A charter violation?
As was true of the 2007 challenge, the current case argues that the US’s failure to adequately protect refugees undermines its “safe” designation. Both cases also hinge on the argument that returning refugees or asylum claimants to the US constitutes a violation of sections 7 and 15 of the Canadian Charter of Rights and Freedoms.
The Sessions decision on A-B came just weeks before the Canadian cohort of litigants filed its second, and final, round of evidence to the court in July 2018. Included among dozens of affidavits from academics and experts, as well as from people who had been returned to the US from Canada because of the STCA, were documents that would show how this latest shake-up in American asylum law further violated Section 15 of the Charter.
Section 15 declares that “every individual is equal before and under the law and has the right to the equal protection and equal benefit of the law without discrimination and, in particular, without discrimination based on race, national or ethnic origin, colour, religion, sex, age or mental or physical disability.”
The CCR and other advocacy groups argue that the Sessions decision, which would disproportionately affect women’s access to US refugee protections, effectively singles out victims of gender-based persecution. But Sessions’s ruling is not the only gender-based evidence of a Section 15 violation at the challengers’ disposal.
“There were already problems with the asylum system in the United States, if you were to look at it from a gendered lens, even prior to that decision,” Prasanna Balasundaram, a lawyer with Downtown Legal Services who’s working on the case, said in an interview. “But that decision, I think, is highly problematic because of the focused way in which it strips protection on gendered grounds.”
Balasundaram said that the one-year time limit imposed by the US on asylum claims has been shown to disproportionately affect women fleeing domestic violence. It also hinders LGBTQ claimants who might not be comfortable with coming out as part of the asylum application process.
Dench of the CCR said it’s purely coincidental that the timing of the litigants’ final court filing so swiftly followed the Sessions ruling. But that ruling, she added, certainly supports their case.
“The question is: Does someone fleeing domestic violence or other nonstate actors, like a criminal gang, qualify for refugee status?” Dench said. “In Canadian law, it is clear that the situation of somebody who has fled domestic violence — if they can also show that the state is unwilling or unable to protect them — it falls within the definition. Sessions’s new decision is precedential and closes the door on that situation.”
Where gender-based violence fits in
It’s important to note that the current challenge to the STCA does not strictly rest on gender-based asylum policy in the US. ABC is one of three litigants, and the sole litigant whose argument for asylum is grounded in persecution by non-state actors. But her circumstances closely echo the violence allegations described in The Matter of A-B, and more broadly gesture toward the gender-based nuances driving the desperate flow of migration northward from Central America’s Northern Triangle.
According to The Globe and Mail, ABC says in her affidavit that her husband was singled out by the infamous MS-13 gang after he helped Salvadoran police identify a member of the gang who had killed his brother. When he fled to Canada in 2005, the gang’s threats were redirected to ABC and her daughters. She says that gang members would often follow her girls home from school, and even murdered her landlord. Then, in 2013, she says that gang members broke into her home, raped her, robbed her, and threatened to kill her daughters if she spoke to police. She alleges that they proceeded to attempt to extort her.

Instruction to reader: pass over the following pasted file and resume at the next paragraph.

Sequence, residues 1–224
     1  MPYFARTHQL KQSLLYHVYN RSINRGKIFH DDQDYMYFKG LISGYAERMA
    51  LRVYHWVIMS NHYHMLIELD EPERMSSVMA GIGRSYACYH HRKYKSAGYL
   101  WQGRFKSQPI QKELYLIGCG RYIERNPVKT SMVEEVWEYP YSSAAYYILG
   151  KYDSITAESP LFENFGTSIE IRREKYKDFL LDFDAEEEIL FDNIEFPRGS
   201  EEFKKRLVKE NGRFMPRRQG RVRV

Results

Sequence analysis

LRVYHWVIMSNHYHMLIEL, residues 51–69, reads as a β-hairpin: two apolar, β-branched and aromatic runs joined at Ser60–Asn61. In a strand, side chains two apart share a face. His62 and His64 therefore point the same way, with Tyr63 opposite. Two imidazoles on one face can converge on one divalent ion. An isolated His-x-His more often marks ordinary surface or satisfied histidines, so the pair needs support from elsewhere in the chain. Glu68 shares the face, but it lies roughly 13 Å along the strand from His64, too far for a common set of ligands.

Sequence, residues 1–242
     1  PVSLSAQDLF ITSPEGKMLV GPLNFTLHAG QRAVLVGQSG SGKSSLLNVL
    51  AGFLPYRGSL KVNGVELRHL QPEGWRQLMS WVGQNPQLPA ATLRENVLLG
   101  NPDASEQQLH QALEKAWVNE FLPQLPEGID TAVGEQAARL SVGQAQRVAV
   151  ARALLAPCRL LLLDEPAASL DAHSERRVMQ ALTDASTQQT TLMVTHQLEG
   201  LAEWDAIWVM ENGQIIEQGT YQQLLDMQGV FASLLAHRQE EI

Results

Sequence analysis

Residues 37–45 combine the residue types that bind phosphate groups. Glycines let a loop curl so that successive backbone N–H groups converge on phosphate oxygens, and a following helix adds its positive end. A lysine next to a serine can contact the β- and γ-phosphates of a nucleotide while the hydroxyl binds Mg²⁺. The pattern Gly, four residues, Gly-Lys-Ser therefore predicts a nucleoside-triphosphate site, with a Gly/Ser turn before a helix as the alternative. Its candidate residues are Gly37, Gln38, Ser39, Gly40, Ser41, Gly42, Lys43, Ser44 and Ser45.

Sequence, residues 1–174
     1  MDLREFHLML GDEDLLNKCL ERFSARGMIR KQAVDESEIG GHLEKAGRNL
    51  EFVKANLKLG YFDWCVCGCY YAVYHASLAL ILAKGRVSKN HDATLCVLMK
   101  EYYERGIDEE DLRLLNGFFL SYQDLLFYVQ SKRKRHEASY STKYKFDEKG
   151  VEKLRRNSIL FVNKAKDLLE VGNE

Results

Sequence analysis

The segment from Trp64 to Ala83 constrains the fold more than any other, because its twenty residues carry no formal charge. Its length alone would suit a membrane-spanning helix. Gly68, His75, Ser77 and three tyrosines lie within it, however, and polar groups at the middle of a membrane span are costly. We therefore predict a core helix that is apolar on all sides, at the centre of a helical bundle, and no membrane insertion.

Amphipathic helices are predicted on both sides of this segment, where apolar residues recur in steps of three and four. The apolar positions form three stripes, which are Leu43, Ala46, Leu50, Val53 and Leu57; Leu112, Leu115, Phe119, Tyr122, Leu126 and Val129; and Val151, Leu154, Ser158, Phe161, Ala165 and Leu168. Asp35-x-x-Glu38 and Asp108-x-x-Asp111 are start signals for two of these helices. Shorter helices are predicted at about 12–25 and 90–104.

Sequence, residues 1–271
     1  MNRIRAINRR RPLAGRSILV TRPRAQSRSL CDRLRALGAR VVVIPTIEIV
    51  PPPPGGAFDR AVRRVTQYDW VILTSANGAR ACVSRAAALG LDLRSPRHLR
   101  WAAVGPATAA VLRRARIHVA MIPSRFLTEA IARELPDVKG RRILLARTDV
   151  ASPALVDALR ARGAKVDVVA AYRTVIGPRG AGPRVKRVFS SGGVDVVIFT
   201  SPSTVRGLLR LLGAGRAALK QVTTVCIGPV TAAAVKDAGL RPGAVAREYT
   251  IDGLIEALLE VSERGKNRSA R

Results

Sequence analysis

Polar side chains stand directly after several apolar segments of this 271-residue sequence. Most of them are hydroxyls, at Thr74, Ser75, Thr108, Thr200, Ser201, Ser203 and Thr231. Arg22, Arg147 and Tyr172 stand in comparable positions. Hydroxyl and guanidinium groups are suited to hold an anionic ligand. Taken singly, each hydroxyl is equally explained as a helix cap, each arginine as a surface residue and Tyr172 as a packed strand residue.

In the Northern Triangle, ruthless and widespread gang violence coincides with some of the highest femicide rates in the world. Intimate partner violence is an epidemic, and women and girls are explicitly targeted by gangs. US border officials have frequently remarked that the current influx of Central American migrants has been demographically unusual: so many of its members are women and children rather than single, solitary men. This distinction is no coincidence.
Nor was Sessions’s ruling. The decision would overlap with the Trump administration’s so-called “zero tolerance” policy on undocumented immigrants, which saw thousands of mostly Central American immigrant parents separated from their children, by US border officials, in the spring and summer of 2018. Both communicated an unwillingness from the US to provide refuge for victims of non-government persecution, an all-but-explicit dismissal of ethical duty for the humanitarian crisis at its doorstep.
“The prototypical refugee flees her home country because the government has persecuted her,” Sessions wrote in his decision on A-B, adding that “the asylum statute does not provide redress for all misfortune.” Victims of powerful gang networks or potentially lethal misogyny need not apply.
Instead, Sessions declared that an asylum-seeker fleeing violence from someone not affiliated with the government, such as a gang or romantic partner, must prove that the state somehow “condoned” or is otherwise “completely helpless” to stop said persecution. ACLU Immigrants’ Rights Project attorney Jennifer Chang Newell wrote in December 2018 that this elaboration marked “a stark departure” from the existing standard, whereby asylum claimants must show that the government is merely “unable or unwilling” to protect them — as is true and uncontested in the eyes of Canadian law.
A federal judge in the US ultimately blocked Sessions’s decision, but Human Rights Watch has reported that the case remains in legal “limbo” until Sessions’s decision is totally overturned. So, too, do the fates of thousands of domestic violence survivors pursuing asylum cases in the United States’s backlogged (and worsening) immigration court system.
It’s difficult to estimate whether US hostility to Central American asylum-seekers will prompt any special consideration in the safe third country challenge. When asked if the timing of the Sessions decision may have sped along the legal process in the current case, University of Toronto Law professor and chair in Human Rights Law Audrey Macklin said by email, “I think the answer…is no.”
Macklin also said that she can say “with confidence” that “whatever the outcome of the Federal Court decision, it will be appealed.” From there, the case would be taken to the Federal Court of Appeal and then, potentially, the Supreme Court of Canada.
Apart from the determination of the US as either safe or unsafe, Canadian refugee law will not be affected by whatever happens to the STCA. But the outcome of the challenge could open new prospects for scores of asylum-seekers and grant new, and less risky, avenues for refuge through the Canadian system.